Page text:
For a medical definition of the term, I quote an eminent doctor who, has spent twenty-five years treating such people in a highly regarded private hospital: "We believe … that the action of alcohol in chronic alcoholics is a manifestation of an allergy—that the phenomenon of craving is limited to this class and never occurs in the average temperate drinker. These allergic types can never safely use alcohol in any form at all."…

Among physicians the general opinion seems to be that chronic alcoholics are doomed. But wait! Within the last four years, evidence has appeared which has startled hard-boiled medical men by proving that the compulsion neurosis can be entirely eliminated. Perhaps you are one of those cynical people who will turn away when I say that the root of this new discovery is religion. But be patient for a moment. About three years ago a man appeared at the hospital in New York of which our doctor is head physician. It was his third "cure." Since his first visit he had lost his job, his friends, his health, and his self-respect. He was now living on the earnings of his wife.

He had tried every method he could find to cure his disease: had read all the great philosophers and psychologists. He had tried religion but he simply could not accept it. It would not seem real and personal to him.

He went through the cure as usual and came out of it in very low spirits. He was lying in bed, emptied of vitality and thought, when suddenly, a strange and totally unexpected thrill went through his body and mind. He called out for the doctor. When the doctor came in, the man looked up at him and grinned.

"Well, doc," he said, "my troubles are all over. I've got religion."

"Why, you're the last man …"

"Sure, I know all that. But I've got it. And I know I'm cured of this drinking business for good." He talked with great intensity for a while and then said, "Listen, doc. I've got to see some other patient—one that is about to be dismissed."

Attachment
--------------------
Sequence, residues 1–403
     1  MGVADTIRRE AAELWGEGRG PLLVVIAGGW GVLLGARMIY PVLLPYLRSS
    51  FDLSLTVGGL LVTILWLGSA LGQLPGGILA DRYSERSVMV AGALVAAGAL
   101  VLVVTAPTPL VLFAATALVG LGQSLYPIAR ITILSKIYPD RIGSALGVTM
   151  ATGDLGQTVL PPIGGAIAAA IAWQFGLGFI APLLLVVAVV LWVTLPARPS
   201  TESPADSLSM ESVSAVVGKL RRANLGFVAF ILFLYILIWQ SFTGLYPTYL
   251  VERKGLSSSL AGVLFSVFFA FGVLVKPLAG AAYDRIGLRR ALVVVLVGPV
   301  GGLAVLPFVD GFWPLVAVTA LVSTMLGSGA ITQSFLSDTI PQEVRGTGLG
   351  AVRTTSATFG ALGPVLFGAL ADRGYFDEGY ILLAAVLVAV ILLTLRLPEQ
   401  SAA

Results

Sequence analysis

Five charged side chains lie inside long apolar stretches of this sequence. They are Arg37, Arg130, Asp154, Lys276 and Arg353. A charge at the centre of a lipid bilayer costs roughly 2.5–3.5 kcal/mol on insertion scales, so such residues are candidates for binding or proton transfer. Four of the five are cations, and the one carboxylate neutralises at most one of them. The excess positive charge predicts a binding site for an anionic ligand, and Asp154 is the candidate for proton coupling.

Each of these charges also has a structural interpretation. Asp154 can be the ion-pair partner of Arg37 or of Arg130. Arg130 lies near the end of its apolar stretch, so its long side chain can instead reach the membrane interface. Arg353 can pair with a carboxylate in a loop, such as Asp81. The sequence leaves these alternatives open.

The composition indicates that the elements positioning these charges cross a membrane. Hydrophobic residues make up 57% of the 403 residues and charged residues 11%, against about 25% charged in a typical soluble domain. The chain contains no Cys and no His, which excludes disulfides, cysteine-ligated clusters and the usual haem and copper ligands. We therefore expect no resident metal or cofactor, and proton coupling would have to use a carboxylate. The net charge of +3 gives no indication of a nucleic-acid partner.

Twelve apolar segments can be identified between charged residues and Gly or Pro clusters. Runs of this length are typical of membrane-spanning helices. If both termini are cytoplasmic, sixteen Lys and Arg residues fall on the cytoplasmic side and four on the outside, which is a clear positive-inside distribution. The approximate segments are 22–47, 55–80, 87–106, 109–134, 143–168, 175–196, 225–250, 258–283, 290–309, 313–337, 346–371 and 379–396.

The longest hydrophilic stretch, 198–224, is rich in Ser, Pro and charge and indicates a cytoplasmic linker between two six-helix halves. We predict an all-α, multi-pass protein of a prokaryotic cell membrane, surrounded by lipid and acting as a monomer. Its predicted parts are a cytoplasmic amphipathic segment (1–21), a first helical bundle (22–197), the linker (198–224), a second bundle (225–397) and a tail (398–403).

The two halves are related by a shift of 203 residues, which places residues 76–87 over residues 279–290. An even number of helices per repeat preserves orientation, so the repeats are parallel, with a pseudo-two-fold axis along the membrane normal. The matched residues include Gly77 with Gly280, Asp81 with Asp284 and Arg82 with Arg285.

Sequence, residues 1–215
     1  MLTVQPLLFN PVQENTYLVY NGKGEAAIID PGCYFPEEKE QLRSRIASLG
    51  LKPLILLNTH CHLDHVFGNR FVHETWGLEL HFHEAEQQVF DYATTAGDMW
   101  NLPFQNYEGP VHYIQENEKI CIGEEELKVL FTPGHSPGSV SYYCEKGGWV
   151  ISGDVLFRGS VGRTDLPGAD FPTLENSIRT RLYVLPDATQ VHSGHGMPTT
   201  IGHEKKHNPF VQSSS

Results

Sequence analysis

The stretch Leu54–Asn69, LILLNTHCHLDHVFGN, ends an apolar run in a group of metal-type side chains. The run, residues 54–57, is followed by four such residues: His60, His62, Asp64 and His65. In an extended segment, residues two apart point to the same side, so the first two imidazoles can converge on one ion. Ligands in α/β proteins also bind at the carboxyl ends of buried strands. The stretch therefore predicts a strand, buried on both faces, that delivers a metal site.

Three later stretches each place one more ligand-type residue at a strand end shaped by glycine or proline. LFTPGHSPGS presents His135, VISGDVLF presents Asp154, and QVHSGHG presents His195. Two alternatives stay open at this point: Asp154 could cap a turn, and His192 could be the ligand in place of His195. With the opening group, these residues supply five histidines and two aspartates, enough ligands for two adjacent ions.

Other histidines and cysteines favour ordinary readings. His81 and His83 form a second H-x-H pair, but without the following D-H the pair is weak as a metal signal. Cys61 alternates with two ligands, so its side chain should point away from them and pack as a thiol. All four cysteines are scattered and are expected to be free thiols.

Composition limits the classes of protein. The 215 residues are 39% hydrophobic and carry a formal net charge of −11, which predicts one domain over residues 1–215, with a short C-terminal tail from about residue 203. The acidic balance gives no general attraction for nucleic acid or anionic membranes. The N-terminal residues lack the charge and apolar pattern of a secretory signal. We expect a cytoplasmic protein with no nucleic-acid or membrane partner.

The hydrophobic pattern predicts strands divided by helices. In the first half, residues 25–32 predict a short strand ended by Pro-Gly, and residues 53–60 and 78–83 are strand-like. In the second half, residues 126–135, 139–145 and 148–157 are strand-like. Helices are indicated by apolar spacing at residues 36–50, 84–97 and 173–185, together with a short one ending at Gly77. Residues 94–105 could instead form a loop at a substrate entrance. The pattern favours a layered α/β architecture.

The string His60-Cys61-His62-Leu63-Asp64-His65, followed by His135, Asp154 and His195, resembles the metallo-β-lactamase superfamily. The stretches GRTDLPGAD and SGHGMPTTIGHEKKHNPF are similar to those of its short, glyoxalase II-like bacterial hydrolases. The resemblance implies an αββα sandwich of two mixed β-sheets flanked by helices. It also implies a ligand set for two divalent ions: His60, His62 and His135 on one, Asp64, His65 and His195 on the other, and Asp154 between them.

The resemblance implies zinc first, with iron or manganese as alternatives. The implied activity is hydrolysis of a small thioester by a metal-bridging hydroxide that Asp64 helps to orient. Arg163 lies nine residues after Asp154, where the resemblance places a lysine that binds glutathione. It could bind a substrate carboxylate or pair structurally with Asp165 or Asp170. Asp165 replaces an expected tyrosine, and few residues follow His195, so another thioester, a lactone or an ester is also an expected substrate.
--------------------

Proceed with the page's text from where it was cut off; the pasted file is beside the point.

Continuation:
The doctor demurred. It all sounded a trifle fanatical. But finally he consented. And thus was born the movement which is now flourishing with almost sensational success as Alcoholics Anonymous.

Here is how it works:

Every member of the group—which is to say every person who has been saved—is under obligation to carry on the work, to save other men.

That, indeed, is a fundamental part of his own mental cure. He gains strength and confidence by active work with other victims.

He finds his subject among acquaintances, at a "cure" institution or perhaps by making inquiry of a preacher, a priest, or a doctor. He begins his talk with his new acquaintance by telling him the true nature of his disease and how remote are his chances for permanent cure.

When he has convinced the man that he is a true alcoholic and must never drink again, he continues:

"You had better admit that this thing is beyond your own control. You've tried to solve it by yourself, and you have failed. All right. Why not put the whole thing into the hands of Somebody Else?"

Even though the man might be an atheist or agnostic, he will almost always admit that there is some sort of force operating in the world—some cosmic power weaving a design.

And his new friend will say:

"I don't care what you call this Somebody Else. We call it God. But whatever you want to call it, you had better put yourself into its hands. Just admit you're licked, and say, 'Here I am, Somebody Else. Take care of this thing for me.'"